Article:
High-Quality PreK–3rd in the Age of Common Core

Monday, February 6, 2012
Erikson Institute, Chicago, IL

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As Common Core State Standards and PreK–12 alignment shape school reform, high-quality PreK–3rd should be viewed as a critical first link in the full educational continuum.

But how can we avoid false dichotomies such as early childhood education emphasizing “soft” social-emotional skills and K–12 being narrowly focused on academic “rigor” and content? Rigor and responsiveness can be part of early childhood — as well as later grades.

This forum was hosted by Erikson’s New Schools Project and Herr Research Center for Children and Social Policy, with thanks to the Joyce Foundation for its generous support.

Video

The video player below includes presentations from keynote speaker Cybele Raver, Charles Payne, Stephen Zrike, Chris Maxwell, Jennifer Cheatham, John Price, Jie-Qi Chen, and Gillian McNamee. See below to download presentation slides and for a full agenda and speaker biographies.

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Agenda

Welcome, Forum Overview, and Introductions

Chris Maxwell, Director, New Schools Project, Erikson Institute
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PreK–3rd Grade: The Critical First Link in the Educational Continuum

Jennifer Cheatham, Chief Instruction Officer, Chicago Public Schools
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Moving Beyond False Educational Dichotomies

Socioemotional and Academic Connections: Successful PreK–3rd Transitions

Cybele Raver, Director, Institute of Human Development and Social Change, New York University
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Respondents:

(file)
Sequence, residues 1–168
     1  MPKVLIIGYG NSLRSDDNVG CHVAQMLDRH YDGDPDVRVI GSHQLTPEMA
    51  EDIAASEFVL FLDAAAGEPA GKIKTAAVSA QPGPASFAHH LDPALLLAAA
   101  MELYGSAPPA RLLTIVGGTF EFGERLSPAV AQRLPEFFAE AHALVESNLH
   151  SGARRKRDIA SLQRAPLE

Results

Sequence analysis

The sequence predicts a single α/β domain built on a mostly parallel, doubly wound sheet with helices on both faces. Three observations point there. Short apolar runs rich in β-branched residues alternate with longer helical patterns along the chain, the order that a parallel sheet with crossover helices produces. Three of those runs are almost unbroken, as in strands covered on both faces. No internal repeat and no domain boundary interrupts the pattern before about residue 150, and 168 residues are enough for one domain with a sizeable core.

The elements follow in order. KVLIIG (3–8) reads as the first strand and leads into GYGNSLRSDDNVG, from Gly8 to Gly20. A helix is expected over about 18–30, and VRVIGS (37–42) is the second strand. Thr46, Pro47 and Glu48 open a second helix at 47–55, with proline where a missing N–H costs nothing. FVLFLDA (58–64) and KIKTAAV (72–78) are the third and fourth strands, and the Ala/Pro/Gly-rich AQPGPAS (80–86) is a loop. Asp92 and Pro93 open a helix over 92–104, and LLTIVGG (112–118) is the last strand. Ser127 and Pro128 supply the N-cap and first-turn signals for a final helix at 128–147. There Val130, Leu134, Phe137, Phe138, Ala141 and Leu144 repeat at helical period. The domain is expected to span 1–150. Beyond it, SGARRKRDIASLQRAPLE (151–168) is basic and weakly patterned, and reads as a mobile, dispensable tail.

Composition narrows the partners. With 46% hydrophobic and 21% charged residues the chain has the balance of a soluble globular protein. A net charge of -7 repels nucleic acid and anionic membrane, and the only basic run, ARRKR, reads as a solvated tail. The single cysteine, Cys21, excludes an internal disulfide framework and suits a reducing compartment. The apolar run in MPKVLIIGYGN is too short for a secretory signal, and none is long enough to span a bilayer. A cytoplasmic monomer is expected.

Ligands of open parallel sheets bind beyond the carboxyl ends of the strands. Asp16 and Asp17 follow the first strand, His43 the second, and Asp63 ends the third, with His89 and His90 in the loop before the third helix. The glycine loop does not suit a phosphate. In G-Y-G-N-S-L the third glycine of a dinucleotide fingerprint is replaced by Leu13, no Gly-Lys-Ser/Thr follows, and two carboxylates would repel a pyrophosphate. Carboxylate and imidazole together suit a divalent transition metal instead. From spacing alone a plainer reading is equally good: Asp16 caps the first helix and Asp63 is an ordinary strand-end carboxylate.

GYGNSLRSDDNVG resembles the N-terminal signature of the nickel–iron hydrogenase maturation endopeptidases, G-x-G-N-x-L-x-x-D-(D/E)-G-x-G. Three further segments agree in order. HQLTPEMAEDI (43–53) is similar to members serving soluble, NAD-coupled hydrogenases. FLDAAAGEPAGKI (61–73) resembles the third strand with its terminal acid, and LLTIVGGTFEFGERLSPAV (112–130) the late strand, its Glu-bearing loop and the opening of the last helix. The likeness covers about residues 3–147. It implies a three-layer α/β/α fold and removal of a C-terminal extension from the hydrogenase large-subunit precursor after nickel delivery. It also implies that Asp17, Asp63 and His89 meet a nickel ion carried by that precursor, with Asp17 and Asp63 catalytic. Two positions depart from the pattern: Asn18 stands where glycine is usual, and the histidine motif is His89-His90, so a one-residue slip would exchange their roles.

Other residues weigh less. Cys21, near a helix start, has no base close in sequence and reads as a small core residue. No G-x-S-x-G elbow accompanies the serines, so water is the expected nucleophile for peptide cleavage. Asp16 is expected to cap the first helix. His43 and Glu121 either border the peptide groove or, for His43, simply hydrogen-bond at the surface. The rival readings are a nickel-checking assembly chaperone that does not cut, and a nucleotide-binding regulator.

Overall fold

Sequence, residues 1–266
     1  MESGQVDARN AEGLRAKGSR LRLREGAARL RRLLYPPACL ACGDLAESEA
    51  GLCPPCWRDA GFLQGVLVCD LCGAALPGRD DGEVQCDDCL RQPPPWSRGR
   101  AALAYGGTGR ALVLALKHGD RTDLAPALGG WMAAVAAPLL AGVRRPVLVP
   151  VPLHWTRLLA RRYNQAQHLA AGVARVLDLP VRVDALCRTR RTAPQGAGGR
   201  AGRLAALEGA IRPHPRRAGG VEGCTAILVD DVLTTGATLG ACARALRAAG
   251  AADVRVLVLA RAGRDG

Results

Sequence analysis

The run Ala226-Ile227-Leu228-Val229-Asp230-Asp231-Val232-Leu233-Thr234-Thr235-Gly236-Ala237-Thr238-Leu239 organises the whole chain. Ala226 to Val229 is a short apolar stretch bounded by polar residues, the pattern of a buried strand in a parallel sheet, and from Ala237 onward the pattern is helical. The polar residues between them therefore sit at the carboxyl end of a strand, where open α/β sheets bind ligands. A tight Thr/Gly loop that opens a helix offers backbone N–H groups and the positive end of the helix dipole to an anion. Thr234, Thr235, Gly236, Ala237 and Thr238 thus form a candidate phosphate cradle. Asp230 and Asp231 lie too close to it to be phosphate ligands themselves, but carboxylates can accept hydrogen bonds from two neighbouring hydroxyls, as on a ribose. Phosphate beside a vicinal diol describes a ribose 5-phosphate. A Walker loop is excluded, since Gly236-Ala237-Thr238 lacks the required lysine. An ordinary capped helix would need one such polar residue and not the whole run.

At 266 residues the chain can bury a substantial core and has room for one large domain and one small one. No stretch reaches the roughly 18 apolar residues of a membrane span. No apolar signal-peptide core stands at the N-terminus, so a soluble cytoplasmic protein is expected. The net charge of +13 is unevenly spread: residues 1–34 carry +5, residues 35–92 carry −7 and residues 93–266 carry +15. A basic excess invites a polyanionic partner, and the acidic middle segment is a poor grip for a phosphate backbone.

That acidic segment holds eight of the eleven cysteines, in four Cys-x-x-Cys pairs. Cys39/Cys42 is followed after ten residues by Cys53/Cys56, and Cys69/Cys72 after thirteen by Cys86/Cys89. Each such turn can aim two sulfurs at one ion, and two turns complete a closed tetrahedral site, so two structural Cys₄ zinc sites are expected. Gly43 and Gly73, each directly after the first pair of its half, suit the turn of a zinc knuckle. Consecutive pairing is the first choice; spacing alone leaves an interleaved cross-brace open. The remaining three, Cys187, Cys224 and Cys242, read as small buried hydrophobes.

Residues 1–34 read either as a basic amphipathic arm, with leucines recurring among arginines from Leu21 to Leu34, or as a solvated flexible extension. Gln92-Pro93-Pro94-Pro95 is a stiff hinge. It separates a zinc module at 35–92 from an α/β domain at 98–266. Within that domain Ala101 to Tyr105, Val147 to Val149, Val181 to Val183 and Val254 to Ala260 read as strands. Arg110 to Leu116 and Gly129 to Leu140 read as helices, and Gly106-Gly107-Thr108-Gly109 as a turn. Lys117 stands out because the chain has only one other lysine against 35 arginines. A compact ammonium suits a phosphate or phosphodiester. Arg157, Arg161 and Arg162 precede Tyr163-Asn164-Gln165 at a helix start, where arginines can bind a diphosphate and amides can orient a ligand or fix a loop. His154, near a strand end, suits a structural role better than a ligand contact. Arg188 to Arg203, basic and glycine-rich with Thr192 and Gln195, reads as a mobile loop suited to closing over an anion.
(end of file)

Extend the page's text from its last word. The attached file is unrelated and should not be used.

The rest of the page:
From the Perspective of Family, Community, and Culture

Charles Payne, Frank P. Hixon Distinguished Service Professor, School of Social Service Administration, University of Chicago
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From the Perspective of a School Administrator

Stephen Zrike, Chief of Elementary Schools, Pilsen–Little Village Network, Chicago Public Schools
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Standards, Alignment, and Young Children: Meeting the Challenges of High-Quality PreK–3rd

How Can We Avoid Placing the Burden on Young Children?

John Price, Deputy Chief, Ravenswood-Ridge Network, Chicago Public Schools
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What Does Rigorous and Responsive PreK–3rd Look Like?

Jie-Qi Chen, Professor and Principal Investigator, Early Mathematics Education Project, Erikson Institute
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Sarah E. Dennis, Professional Development Facilitator, New Schools Project, Erikson Institute
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Wrap Up: High-Quality PreK–3rd in the Age of Common Core

Gillian Dowley McNamee, Professor and Director of Teacher Education, Erikson Institute
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Speaker Biographies

Jennifer Cheatham
Chief Instruction Officer, Chicago Public Schools

Dr. Cheatham’s expertise lies in developing instructional alignment and coherence across urban school systems to achieve breakthrough results in student learning. She has worked as a chief area officer for Chicago Public Schools, the executive director of curriculum and instruction for San Diego City Schools, and a professional developer for the Bay Area School Reform Collaborative (BASRC). She holds a master’s in education from the University of Michigan, and a master’s and doctorate in education from Harvard University.

Jie-Qi Chen
Professor and Principal Investigator, Early Mathematics Education Project, Erikson Institute

Dr. Chen is a Fulbright Senior Specialist and an applied child development specialist whose work focuses on cognitive development, multiple intelligences theory, classroom assessment, early mathematics education, and school-based intervention. Dr. Chen earned her Ph.D. from Tufts University and received post-doctoral training with Howard Gardner at Harvard University.

Sarah E. Dennis
Professional Development Facilitator, New Schools Project, Erikson Institute

Dr. Dennis designs and delivers PreK–3rd grade teacher professional development and coaching through the New Schools Project. She has more than 10 years of experience as an instructional coach across community-based preschool, Head Start, and public school settings. Dr. Dennis earned a master’s degree in literacy and a Ph.D. in teaching and learning at New York University.